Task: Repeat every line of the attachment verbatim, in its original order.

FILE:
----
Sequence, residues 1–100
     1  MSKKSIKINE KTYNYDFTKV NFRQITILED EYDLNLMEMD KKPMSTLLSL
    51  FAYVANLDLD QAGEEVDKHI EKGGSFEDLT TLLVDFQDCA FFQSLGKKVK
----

Sequence, residues 1–100
     1  MSKKSIKINE KTYNYDFTKV NFRQITILED EYDLNLMEMD KKPMSTLLSL
    51  FAYVANLDLD QAGEEVDKHI EKGGSFEDLT TLLVDFQDCA FFQSLGKKVK